4. Tasted delicious. Sweet with hints of maple. Yum.
  5. Given the really cold weather in the forecast, I’m starting to second-guess starting this soon. I certainly had fun this weekend (and had the time to have fun this weekend). It all depends on what happens on Wed-Thur, I guess

First maple tree sap of the year

This is Day 2 of starting a new hobby of trying to make maple syrup at home from the two silver maple trees in my backyard.

I tapped each tree yesterday, thinking that today (Sunday) and Wednesday-Thursday might be good days for sap–based on info found online.

It snowed and then rained last night, as the warm weather came in. It was 37 degrees Fahrenheit when I checked my trees.

Tree # 1 showed no signs of sap running.

Tree # 2, on the other hand, did have sap running. I’m officially in the maple syrup making business…er…hobby.

Here is an image of the first maple tree sap of the year.

first maple tree sap of the year

At the risk of over-explaining, there is a lot of moisture in the image above. It was raining, slightly, when I took the picture. So the bark is wet, there are raindrops on the outside of the maple tree tap and dropline, but inside the tube, you can see the drop emerging from the barbed spout inside the tube.

Woo-hoo!

Not too bad for a guy who grew up in a big city. Okay, the tree is doing most of the work, but I had to make a hole and tap it :).

What are the weather conditions

So, the sap is running in one of the two trees in my backyard.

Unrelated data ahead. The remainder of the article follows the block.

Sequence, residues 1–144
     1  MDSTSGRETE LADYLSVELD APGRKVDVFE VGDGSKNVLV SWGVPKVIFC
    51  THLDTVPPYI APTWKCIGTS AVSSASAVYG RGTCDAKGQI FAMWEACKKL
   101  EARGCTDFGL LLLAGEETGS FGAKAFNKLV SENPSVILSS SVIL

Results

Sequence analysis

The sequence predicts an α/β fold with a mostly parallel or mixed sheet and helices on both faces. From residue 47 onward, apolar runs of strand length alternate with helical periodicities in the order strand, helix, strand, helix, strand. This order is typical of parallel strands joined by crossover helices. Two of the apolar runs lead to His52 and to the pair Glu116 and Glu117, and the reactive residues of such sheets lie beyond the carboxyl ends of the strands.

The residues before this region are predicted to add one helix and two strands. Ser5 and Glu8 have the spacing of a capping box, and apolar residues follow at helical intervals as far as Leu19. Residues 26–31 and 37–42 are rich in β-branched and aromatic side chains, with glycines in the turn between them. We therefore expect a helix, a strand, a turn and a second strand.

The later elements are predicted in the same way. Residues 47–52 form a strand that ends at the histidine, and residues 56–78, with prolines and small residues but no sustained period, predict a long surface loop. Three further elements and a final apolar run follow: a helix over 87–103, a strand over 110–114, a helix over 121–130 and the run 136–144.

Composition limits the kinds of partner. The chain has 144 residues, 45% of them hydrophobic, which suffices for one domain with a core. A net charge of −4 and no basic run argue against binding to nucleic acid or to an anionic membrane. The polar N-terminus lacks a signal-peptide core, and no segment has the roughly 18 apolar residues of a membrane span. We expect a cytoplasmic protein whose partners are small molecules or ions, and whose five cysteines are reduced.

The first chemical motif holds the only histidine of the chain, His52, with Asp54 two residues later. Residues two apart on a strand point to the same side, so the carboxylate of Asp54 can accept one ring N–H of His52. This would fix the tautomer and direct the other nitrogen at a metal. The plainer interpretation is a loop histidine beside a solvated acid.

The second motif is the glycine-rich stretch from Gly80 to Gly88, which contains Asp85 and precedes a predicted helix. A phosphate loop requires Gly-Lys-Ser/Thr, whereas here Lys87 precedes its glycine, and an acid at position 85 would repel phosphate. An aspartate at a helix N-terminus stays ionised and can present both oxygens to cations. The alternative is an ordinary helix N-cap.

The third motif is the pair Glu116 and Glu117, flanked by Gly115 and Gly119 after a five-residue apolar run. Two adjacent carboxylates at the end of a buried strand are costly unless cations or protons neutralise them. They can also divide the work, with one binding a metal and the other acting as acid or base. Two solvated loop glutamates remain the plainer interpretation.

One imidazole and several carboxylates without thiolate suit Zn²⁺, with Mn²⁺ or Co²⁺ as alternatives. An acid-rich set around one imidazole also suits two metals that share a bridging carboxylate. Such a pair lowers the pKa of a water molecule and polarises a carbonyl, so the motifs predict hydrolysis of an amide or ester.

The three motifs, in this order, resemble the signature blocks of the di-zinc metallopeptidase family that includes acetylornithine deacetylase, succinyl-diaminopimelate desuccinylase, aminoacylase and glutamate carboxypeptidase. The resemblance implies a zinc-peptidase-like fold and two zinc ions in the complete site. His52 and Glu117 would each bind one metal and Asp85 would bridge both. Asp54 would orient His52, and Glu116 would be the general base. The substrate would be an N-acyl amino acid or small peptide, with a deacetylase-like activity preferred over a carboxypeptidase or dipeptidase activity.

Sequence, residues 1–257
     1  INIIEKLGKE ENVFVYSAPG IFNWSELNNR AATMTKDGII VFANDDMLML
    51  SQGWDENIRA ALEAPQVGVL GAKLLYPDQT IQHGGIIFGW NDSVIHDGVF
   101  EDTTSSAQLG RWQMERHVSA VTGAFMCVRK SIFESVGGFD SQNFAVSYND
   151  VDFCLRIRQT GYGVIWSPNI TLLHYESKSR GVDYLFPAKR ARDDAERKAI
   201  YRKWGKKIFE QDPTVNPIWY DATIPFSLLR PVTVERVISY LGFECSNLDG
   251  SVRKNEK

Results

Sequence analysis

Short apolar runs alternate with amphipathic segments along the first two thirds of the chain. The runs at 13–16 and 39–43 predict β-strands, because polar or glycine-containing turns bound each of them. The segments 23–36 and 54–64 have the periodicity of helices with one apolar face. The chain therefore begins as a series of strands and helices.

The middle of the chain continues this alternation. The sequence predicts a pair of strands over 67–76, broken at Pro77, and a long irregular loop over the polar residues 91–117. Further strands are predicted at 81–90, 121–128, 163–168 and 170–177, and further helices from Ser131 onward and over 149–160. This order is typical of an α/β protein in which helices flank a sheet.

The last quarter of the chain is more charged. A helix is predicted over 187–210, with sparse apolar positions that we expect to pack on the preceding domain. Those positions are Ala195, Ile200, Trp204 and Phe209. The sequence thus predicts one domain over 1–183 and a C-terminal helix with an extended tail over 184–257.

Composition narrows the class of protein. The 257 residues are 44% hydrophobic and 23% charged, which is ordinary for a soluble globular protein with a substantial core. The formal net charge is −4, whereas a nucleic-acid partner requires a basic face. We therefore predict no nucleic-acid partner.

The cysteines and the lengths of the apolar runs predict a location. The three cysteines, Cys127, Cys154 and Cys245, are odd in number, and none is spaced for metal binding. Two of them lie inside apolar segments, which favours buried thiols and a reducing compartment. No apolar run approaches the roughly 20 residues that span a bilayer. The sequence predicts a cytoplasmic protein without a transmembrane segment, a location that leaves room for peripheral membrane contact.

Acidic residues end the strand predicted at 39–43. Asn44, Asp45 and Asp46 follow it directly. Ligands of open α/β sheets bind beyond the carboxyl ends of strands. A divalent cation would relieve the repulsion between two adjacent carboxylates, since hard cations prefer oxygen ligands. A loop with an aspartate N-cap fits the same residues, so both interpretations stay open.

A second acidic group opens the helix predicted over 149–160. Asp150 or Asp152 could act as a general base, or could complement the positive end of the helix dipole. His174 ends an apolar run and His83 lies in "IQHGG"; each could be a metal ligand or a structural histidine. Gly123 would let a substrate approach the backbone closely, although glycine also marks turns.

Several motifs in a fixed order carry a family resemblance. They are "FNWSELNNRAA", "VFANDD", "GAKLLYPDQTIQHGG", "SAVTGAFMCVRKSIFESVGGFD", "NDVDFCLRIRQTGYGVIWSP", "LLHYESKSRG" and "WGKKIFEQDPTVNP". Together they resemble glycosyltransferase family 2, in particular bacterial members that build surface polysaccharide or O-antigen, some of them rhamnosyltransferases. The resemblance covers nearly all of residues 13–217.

Here’s an update about the weather, at this point.

It warmed up last night to about 40 degrees, with a lot of rain.

Things are about to get cold for two days, but then those next two days look like they might be good days for sap, before it gets cold again.

As you can tell, I don’t know what I’m doing yet–just sharing what I did and my rationale for the sake of documenting it so I can get better over time (and so that you can start off smarter than me…or I…smarter than both of us).

A few unanswered questions

The good news is that I have collected the first maple tree sap of the year.

The other good news is that I now have a few more things to figure out:

  • Why is the maple tree sap running in Tree # 2 but not Tree # 1?
  • What do I do with the little bit of sap collected?

Why is the maple tree sap running in one tree and not the other

I’m not sure. Hoping the second tree, which admittedly does get less sun, because it is partially shaded by the house, is just behind the larger tree in terms of development. Although I suspect there may be something I did wrong.

If you know, please leave a comment below. As I find or figure stuff out, I’ll share with you.

What are my plans for the sap I collect today?

One complication about my  ‘get started early this year’ strategy is that I’m not sure what to do with the lame-duck amount of sap I collect today.

I fully expect the sap to stop running (appreciably) within a few hours, once the temperature drops below freezing

I’ve read you should keep sap only for 2-3 days–but that it’s okay if it stays cold/frozen. I’m not sure exactly what to do.

What do you think I should do? Please leave a comment if you have a guess, an opinion or a question. Thanks!